Self-archiving: Is it Good for Academic Researchers?

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  Jan 18, 2016   Enago Academy
  : Academic Writing, Content & Structure

Instant Availability

Researchers who are frustrated with delays in making their results available to the world as academic journals continue to work months ahead of published issues, are now turning to the option of self-archiving their work online so that it can reach an audience as early as possible.

While that may sound easy in terms of the technological processes involved—create a website, store your data on a hosted cloud server, and post links to that data so that it can be downloaded—but there are procedural and legal decisions to be made before you flip the switch and launch your results out into the world.

Which Version Do You Archive?

If the primary motivator in doing this is to make your data available as soon as possible, you have an immediate decision to make. Should you share the pre-printed version that will precede peer review, edits, re-submission, and final formatting before publication, or wait to load the final published version. The answer may not be as obvious as you might think.

Ownership & Copyright

Your pre-printed version is yours and you can do with it what you will. Once the paper is published, you have a copyright agreement with the journal publisher, and that journal may not automatically give you the right to self-archive. In fact, many large academic publishing houses are now introducing more explicit policies that do not allow archiving of either pre- or post-print versions of your paper. Some will allow self-archiving on a personal site but not an institutional site.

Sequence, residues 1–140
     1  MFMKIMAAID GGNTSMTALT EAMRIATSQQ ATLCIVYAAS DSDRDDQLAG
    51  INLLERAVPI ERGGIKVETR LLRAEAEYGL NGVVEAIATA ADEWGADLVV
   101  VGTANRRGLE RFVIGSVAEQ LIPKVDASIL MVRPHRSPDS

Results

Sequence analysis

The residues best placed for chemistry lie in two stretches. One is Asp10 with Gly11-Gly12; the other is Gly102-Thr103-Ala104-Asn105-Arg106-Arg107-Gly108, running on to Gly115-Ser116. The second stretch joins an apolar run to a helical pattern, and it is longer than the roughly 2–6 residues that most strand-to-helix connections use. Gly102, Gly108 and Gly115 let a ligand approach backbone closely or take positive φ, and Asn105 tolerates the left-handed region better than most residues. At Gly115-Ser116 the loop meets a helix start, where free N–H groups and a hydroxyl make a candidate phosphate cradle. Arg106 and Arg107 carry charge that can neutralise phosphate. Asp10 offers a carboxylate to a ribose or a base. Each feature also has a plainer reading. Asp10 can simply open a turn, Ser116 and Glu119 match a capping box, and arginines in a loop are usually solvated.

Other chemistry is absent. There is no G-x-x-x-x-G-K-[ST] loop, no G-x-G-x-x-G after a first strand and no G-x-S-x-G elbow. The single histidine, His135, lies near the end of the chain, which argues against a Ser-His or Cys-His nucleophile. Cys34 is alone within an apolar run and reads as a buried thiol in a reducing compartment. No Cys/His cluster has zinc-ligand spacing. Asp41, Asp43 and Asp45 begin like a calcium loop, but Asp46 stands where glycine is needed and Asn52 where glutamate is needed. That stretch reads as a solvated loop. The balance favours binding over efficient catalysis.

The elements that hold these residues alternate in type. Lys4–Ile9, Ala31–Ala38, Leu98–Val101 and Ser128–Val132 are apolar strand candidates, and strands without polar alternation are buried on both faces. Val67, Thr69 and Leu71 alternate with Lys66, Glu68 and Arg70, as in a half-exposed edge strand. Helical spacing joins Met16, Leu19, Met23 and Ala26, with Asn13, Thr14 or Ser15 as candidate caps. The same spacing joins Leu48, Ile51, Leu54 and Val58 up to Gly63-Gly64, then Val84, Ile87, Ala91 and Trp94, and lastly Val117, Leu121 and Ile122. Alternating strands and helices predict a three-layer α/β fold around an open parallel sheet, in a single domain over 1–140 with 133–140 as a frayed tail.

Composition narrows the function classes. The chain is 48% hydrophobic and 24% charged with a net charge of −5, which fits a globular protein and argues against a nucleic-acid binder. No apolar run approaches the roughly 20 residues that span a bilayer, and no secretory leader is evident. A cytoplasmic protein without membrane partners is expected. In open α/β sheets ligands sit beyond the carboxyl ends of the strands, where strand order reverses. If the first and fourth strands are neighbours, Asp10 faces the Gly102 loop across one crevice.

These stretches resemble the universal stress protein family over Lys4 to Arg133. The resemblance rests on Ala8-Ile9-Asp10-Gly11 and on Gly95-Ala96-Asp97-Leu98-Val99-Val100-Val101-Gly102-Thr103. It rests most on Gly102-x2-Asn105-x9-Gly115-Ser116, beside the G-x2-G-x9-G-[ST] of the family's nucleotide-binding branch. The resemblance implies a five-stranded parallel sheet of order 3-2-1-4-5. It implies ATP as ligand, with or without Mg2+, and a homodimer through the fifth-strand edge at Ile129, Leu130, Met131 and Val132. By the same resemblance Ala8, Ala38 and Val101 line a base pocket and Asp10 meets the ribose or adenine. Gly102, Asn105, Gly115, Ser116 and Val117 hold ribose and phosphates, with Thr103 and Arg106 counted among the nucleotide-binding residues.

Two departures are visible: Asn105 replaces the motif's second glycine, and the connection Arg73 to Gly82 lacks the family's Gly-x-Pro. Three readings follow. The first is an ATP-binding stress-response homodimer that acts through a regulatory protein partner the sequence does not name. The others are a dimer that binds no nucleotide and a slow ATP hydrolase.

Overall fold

The Attraction of Self-Archiving

For many researchers, the attraction of self-archiving is not just about immediate availability. For them, it’s about a direct response to open access journal fees—making their material searchable and accessible without having to pay a placement fee as authors or requiring readers to pay a subscription fee to a journal.

Self-archiving also has the potential to increase your readership and raise your profile as a research specialist, but this is possible only if you actively promote your research and your website to make sure the results reach a larger audience. Not all researchers have the time, resources, or expertise to invest in search engine optimization (SEO) strategies to make sure that their sites rank well in search engines. In addition, as search algorithms now consider the frequency of content being posted in search rankings, researchers may not have the time to post frequently enough. In addition, when faced with the need for frequent website content, how long before a researcher gives into the temptation to “salami slice” their data to make a single study generate as much content as possible? In that scenario, you have failed in your mission to make the data available as soon as possible.

A Solution in Search of an Audience

While researchers seeking to circumvent the sclerotic pace of traditional academic publishing have been quick to see the potential of self-archiving, many are still waiting on the sidelines to see how the situation develops. Critics may dismiss this caution as an unwillingness to change with the technology, but there is some merit in waiting until publishing houses reach a consensus on their copyright policies.

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